Mixed Sources (Joel Smith/Others) - See Citations in/after Paragraphs - 5 Para

New Name (142:0)

In many of His conversations Christ speaks of the future Manifestation of God in the third person, but in others the first person is used. He says: "I go to prepare a place for you. And if I go and prepare a place for you, I will come again, and receive you unto myself" (joh 14:2-3). In the first chapter of Acts we read that the disciples were told, at the ascension of Jesus: "This same Jesus, which is taken up from you into heaven, shall so come in like manner as ye have seen him go into heaven." Because of these and similar sayings, many Christians expect that when the Son of Man comes "in the clouds of heaven and with great glory" they shall see in bodily form the very Jesus Who walked the streets of Jerusalem two thousand years ago, and bled and suffered on the cross. They expect to be able to thrust their fingers into the prints of the nails on His hands and feet, and their hands into the spear wound in His side. But surely a little reflection on Christ's own words would dissipate such an idea. The Jews of Christ's time had just such ideas about the return of Elias, but Jesus explained their error, showing that the prophecy that "Elias must first come" was fulfilled, not by the return of the person and body of the former Elias, but in the person of John the Baptist, who came "in the spirit and power of Elias." "And if ye will receive it," said Christ, "this is Elias, which was for to come. He that hath ears to hear, let him hear" (rev 2:17). The "return" of Elias, therefore, meant the appearance of another person, born of other parents, but inspired by God with the same spirit and power. These words of Jesus may surely be taken to imply that the return of Christ will, in like manner, be accomplished by the appearance of another person, born of another mother, but showing forth the Spirit and Power of God even as Christ did. Bahá'u'lláh explains that the "coming again" of Christ was fulfilled in the advent of the Báb and in his own coming. He says: (142:1) see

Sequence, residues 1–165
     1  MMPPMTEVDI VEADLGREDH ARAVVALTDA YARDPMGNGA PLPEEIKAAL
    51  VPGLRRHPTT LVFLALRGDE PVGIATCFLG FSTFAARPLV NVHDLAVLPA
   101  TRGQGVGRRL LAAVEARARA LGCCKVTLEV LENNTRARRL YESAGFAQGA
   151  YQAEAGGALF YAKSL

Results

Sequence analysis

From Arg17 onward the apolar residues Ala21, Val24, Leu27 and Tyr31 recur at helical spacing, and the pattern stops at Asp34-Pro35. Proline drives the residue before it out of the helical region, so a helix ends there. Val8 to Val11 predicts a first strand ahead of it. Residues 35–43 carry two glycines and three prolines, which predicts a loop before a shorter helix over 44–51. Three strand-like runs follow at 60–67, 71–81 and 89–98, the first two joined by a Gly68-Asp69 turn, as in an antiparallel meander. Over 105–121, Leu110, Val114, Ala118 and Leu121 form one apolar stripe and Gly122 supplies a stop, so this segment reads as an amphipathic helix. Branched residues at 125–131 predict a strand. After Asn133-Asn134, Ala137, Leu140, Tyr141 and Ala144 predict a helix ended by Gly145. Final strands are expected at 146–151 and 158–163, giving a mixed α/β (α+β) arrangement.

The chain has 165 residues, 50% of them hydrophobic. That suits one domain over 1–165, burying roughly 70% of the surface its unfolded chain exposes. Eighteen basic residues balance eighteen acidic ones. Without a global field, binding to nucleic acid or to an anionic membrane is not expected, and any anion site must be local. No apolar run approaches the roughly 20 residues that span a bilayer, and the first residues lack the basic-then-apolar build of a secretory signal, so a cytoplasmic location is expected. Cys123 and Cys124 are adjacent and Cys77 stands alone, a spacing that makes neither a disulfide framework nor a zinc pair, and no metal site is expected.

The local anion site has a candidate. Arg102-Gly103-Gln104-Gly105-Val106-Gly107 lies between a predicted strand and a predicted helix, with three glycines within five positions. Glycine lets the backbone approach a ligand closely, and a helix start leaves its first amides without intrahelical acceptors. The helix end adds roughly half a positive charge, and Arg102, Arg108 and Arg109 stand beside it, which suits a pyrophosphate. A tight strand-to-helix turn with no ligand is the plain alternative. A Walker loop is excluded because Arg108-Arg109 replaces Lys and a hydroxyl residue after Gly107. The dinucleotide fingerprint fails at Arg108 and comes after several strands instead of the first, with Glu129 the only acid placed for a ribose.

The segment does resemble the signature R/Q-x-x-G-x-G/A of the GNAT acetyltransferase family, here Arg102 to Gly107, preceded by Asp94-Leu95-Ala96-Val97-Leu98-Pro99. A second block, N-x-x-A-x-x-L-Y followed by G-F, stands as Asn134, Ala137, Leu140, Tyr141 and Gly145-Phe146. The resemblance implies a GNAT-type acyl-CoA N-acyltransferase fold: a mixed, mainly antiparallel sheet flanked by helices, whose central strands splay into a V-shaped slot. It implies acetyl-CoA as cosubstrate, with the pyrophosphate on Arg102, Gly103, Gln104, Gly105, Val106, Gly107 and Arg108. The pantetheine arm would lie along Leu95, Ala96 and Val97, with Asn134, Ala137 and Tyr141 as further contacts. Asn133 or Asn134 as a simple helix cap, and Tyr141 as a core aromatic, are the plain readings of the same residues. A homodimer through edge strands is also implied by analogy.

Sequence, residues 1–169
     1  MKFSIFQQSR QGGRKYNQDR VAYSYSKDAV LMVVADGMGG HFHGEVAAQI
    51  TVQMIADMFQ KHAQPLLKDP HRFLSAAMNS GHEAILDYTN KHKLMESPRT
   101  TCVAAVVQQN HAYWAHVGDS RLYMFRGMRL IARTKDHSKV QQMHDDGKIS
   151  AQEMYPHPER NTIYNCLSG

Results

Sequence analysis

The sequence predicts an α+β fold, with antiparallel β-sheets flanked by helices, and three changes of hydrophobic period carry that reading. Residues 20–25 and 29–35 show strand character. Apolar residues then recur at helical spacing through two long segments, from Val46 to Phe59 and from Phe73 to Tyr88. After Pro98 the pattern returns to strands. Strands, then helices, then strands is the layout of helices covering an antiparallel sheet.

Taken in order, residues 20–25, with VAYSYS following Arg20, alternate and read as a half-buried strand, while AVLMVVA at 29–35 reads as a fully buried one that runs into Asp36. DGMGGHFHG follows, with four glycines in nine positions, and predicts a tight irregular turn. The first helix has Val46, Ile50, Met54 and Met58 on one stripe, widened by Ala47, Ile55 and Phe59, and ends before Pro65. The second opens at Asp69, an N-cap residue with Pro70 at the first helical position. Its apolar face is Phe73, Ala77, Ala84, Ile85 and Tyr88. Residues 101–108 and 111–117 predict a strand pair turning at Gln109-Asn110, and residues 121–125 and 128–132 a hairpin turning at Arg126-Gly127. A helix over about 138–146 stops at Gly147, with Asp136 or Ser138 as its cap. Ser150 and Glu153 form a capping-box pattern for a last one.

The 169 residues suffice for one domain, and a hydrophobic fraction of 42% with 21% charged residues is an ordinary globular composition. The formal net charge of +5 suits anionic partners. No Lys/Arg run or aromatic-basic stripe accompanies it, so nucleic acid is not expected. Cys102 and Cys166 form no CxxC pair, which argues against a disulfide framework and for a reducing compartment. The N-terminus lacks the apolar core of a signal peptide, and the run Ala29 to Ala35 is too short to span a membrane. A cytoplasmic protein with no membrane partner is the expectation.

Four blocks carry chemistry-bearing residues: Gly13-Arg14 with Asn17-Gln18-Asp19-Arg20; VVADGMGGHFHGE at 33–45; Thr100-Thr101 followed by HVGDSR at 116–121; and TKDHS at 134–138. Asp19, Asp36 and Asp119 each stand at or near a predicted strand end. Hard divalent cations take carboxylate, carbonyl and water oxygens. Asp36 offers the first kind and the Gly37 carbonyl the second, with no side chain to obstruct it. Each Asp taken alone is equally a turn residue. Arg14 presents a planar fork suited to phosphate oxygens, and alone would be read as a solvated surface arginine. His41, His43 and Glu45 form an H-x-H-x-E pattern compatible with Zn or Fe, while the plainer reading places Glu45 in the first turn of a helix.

Consider the sun. Were it to say now, "I am the sun of yesterday," it would speak the truth. And should it, bearing the sequence of time in mind, claim to be other than that sun, it still would speak the truth. In like manner, if it be said that all the days are but one and the same, it is correct and true. And if it be said, with respect to their particular names and designations, that they differ, that again is true. For though they are the same, yet one doth recognize in each a separate designation, a specific attribute, a particular character. Conceive accordingly the distinction, variation, and unity characteristic of the various Manifestations of holiness, that thou mayest comprehend the allusions made by the creator of all names and attributes to the mysteries of distinction and unity, and discover the answer to thy question as to why that everlasting Beauty should have, at sundry times, called Himself by different names and titles (kiq 20) (142:2) see

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  Mixed Sources (Joel Smith/Others) - See Citations in/after Paragraphs